MCC issues clarification on Hit-Wicket incident during Kent vs Somerset County Championship match
The Hit-Wicket which made everyone's head turn has got nod from MCC, as they have come up with a statement
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Somerset's Lewis Goldsworthy found himself at the center of an extraordinary moment when his bat broke while attempting a shot against Jaskaran Singh and went onto hit the stumps in a match between Kent and Somerset in the 2023 County Championship on September 22. What followed was a series of events that had the cricketing world abuzz.
At the time of this peculiar occurrence, Goldsworthy was showcasing his batting prowess at 79 runs when Jaskaran unleashed a thunderous yorker, perfectly targeting the off-stump line. In his attempt to counter the searing delivery, Goldsworthy's bat took a brutal beating, disintegrating into fragment upon impact with the rocketing delivery.
To everyone's astonishment, the broken portion of Goldsworthy's bat ricocheted backward and crashed into the stumps. The batter was left disheartened, fearing that he might be declared 'Hit Wicket', a dismissal as rare as they come.
However, the drama didn't end there as on-field umpire signalled a no ball, much to the relief of Goldsworthy. The reason? Jaskaran had overstepped, making it an illegal delivery according to the rules of cricket. The MCC (Marylebone Cricket Club), the custodian of cricket's laws, has since provided clarity on this astonishing Goldsworthy "Hit Wicket" incident, citing substantial support from the cricketing rulebook.
What did MCC have to say regarding the incident?
MCC clarified that, according to Law 35.2 (Hit wicket), "The striker is not out under this Law… [if] the delivery is a No ball." Therefore, Goldsworthy's survival was indeed in accordance with the laws of the game.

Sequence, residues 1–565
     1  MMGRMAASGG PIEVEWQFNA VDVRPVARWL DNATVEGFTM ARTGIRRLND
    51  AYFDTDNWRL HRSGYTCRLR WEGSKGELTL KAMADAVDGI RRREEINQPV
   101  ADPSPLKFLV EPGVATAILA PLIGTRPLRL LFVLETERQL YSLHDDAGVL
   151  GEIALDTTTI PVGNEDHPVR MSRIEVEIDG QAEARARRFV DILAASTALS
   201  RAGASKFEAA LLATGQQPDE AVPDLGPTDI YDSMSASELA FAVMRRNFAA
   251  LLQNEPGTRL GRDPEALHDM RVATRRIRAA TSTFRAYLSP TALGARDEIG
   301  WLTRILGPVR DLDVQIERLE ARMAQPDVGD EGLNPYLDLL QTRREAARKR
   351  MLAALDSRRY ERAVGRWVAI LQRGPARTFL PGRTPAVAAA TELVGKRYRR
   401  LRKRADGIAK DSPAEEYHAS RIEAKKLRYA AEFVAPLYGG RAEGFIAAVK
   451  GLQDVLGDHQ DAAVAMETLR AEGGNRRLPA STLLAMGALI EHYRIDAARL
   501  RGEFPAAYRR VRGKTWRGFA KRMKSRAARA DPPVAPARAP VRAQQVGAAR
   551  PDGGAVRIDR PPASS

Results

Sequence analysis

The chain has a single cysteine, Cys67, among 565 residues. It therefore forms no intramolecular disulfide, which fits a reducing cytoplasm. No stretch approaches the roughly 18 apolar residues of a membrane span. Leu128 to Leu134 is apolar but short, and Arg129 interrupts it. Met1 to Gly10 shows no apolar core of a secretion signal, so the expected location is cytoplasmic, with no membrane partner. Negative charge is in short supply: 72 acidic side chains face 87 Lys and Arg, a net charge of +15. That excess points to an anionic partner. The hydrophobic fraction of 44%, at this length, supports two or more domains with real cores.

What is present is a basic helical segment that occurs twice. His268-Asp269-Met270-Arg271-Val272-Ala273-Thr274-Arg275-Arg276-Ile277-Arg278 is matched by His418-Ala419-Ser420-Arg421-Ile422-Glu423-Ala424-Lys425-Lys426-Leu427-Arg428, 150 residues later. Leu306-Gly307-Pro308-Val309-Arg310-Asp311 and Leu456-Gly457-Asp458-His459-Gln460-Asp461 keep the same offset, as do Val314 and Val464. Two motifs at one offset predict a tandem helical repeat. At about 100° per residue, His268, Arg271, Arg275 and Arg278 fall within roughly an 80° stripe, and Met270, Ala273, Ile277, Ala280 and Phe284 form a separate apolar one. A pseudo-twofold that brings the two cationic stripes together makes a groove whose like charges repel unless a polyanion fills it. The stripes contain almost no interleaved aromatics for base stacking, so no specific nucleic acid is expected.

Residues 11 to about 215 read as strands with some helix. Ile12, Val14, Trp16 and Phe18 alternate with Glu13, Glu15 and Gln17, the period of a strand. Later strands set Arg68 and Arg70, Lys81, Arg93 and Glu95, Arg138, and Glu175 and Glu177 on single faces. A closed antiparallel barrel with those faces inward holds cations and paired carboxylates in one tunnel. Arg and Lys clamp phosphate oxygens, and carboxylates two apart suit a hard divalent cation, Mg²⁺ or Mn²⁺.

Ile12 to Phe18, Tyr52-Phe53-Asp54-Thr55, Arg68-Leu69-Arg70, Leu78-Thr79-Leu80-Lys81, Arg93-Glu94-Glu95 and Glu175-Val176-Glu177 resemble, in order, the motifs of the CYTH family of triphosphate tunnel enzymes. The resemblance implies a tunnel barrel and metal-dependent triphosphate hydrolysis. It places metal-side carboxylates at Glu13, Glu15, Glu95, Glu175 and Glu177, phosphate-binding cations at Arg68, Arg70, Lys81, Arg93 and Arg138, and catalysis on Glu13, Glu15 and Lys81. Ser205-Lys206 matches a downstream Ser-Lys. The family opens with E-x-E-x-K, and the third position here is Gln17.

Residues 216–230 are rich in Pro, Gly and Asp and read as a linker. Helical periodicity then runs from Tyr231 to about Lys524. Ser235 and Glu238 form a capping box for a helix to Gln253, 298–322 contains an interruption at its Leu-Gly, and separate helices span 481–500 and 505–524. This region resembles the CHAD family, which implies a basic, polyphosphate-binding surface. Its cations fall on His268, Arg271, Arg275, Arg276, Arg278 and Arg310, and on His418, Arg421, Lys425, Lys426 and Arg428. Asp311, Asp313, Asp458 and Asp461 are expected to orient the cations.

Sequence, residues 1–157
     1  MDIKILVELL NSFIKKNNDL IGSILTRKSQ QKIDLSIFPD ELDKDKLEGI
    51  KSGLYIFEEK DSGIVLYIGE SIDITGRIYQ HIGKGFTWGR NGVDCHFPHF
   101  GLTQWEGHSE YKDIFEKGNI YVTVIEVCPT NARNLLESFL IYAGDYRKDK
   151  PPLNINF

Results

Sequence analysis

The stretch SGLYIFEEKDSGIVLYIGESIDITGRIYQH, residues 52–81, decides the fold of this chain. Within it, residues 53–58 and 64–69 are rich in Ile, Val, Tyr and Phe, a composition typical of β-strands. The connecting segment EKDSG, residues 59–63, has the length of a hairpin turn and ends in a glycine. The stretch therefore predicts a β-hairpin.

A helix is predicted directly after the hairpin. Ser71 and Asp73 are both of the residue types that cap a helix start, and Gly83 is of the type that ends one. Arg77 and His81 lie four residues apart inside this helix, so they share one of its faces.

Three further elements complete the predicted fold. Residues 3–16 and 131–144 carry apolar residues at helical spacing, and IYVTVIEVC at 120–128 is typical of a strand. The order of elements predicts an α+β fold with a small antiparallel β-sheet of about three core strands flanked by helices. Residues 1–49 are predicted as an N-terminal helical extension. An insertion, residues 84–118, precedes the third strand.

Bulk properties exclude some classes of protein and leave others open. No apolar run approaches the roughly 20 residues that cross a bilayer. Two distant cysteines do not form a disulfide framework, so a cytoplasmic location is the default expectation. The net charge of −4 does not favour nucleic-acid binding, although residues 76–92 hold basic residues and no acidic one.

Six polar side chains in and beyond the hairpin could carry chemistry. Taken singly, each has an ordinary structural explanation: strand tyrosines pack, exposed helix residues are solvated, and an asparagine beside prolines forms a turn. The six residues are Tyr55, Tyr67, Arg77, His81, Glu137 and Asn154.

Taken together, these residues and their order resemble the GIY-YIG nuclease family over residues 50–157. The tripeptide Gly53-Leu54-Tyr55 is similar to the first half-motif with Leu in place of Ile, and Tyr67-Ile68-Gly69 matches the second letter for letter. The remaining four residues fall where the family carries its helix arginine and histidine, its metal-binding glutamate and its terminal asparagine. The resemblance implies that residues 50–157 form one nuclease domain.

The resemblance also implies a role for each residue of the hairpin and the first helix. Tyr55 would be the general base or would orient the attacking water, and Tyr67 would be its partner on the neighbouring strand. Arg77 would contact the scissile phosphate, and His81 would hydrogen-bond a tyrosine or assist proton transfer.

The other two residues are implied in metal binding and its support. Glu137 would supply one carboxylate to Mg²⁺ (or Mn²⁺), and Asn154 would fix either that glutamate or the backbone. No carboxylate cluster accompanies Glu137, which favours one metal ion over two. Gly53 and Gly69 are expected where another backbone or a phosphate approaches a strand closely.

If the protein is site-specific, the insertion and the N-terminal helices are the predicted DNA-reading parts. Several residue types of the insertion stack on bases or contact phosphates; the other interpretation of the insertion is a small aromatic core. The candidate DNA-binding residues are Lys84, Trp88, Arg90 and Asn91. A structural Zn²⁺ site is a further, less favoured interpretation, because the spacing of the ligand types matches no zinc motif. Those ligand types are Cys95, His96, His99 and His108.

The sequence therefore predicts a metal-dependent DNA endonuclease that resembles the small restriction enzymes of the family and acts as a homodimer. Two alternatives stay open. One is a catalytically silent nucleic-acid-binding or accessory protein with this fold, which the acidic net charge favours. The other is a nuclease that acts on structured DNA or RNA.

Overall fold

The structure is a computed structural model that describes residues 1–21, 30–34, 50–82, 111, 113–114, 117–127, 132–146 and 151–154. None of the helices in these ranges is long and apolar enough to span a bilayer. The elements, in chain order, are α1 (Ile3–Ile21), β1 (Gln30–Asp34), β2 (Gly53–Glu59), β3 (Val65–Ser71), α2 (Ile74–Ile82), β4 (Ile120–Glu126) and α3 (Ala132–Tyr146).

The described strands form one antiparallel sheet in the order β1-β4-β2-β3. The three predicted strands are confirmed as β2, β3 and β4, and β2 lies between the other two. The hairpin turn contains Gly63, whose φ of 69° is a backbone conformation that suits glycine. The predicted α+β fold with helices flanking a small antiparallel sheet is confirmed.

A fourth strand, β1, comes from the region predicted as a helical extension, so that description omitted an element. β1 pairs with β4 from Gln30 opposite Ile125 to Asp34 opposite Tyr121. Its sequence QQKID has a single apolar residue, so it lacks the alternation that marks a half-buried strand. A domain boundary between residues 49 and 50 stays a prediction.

But what if it had been a legitimate delivery? In that scenario, Goldsworthy would have faced the ignominious fate of being dismissed. Law 35.1 states: "The striker is out Hit wicket if, after the bowler has entered the delivery stride and while the ball is in play, his/her wicket is broken by either the striker's bat or person as described in Laws 220.127.116.11 to 18.104.22.168 (Breaking the wicket fairly) in any of the following circumstances:
22.214.171.124 in the course of any action taken by him/her in preparing to receive or in receiving a delivery”.
Reading the aforementioned provision with Law 126.96.36.199, which says that the wicket can be fairly broken, clarifies the legal position:
“188.8.131.52 for the purpose of this law only, by the striker’s bat not in hand, or by any part of the bat which has become detached”.
Crucially, this law includes any part of the bat that may have become detached, as well as any other equipment or clothing worn by the striker. Notably, the only exception to this rule is the striker's helmet or any part of the helmet that becomes detached. This exception was introduced in 2022 to address concerns of certain batters regarding helmets with neck protectors potentially dislodging and hitting the wicket.
In the end, Goldsworthy not only dodged a bullet but went on to achieve a milestone by securing his first century of the season, ensuring that this extraordinary incident will be forever etched in the annals of cricketing history.